The State of the LGBT** Movement in Honduras
As reported by the 2013 Honduran Equality Delegation
All contact information and references are listed at the end of this report
Purpose of the Honduran Equality Delegation
The Development of the LGBT Movement in Honduras
Honduras’ Anti-Discrimination Law, Article 321 of the Criminal Code
Justice Denied: The Murders of Walter Tróchez and Erick Martínez Avila
Trans Life and Activism
The Struggle for Women’s Rights in Honduras
Coalition Politics and the Integration of LGBTs into LIBRE
Honduran Equality Delegation’s Role as Election Observers
What the Sexual Diversity Movement in Honduras Has to Teach Us
Why Should People in the U.S. and Other Countries Care About the LGBT Community in Honduras?
Recommendations for Future Action
Purpose of the Honduran Equality Delegation
The Honduran Equality Delegation (HED), comprised of fourteen LGBT human rights activists from across the US, visited Tegucigalpa and San Pedro Sula from November 21st to December 1st, 2013, to document and address the state of LGBT rights and to observe the Honduran presidential election. The HED was part of a 166 member election observer team from the Honduras Solidarity Network, the largest election observation delegation in the country, which observed in ten of the 18 departments (states) of Honduras.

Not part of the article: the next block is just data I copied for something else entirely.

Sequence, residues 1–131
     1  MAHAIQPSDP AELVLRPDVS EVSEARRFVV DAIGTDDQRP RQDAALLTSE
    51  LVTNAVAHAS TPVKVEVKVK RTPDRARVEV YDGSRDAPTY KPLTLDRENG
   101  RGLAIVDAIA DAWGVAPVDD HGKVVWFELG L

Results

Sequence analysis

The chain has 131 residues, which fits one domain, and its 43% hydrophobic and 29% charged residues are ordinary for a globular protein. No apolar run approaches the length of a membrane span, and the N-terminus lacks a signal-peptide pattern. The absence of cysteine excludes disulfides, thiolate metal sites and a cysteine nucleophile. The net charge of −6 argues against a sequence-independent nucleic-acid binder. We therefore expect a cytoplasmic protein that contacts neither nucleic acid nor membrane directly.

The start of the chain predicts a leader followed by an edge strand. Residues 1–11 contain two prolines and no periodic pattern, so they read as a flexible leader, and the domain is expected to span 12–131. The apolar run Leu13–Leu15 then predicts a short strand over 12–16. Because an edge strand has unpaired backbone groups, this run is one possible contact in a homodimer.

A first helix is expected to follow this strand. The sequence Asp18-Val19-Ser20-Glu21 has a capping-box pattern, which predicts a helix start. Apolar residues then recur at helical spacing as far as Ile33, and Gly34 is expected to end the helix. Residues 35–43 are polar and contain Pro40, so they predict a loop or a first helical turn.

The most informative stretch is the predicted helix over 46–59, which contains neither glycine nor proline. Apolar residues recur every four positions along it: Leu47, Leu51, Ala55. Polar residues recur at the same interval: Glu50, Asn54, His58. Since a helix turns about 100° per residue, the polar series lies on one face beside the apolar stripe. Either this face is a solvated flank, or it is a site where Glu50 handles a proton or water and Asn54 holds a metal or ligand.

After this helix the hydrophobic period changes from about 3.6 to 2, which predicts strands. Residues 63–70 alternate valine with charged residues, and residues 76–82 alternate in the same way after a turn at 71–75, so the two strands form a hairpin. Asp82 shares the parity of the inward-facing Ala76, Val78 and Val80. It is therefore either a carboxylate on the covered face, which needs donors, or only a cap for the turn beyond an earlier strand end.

Our HED delegation had three main purposes – to amplify the voices of the Honduran LGBT community, to establish solidarity and accompaniment during the elections and into the future, and to investigate the state of human rights in Honduras with the purpose of demanding the US government end its support of a repressive government. (Please see Appendix 1 for complete itinerary of our delegation.)
Melissa Stiehler of the Cross Border Network and HSN coordinated the delegation with sponsorship from EQUAL, the Alliance for Global Justice and Global Exchange. Delegate participants also included Luis Abolafia Anguita, Gary Cozette, Amanda Schieszer, Jack Harrison-Quintana, Charlie Hinton, Ruth Meyer, Josh Olmsted, Roy Schachter, Jaclyn Scudiero, Hattie Svoboda-stel, Mena Tajrishi, Andy Thayer, and Eric Vázquez.
The Honduran Equality Delegation is the first effort of its kind to take a grassroots approach to connecting with Honduran LGBT activists who, despite the risks, remain deeply committed to securing social and political inclusion within the broad coalition which has grown in resistance to the 2009 coup.
“We hope that building these relationships will provide new tools to address violence against LGBT communities internationally,” HED coordinator Melissa Stiehler explained, “and amplify the voices of the Honduran LGBT community against repression.”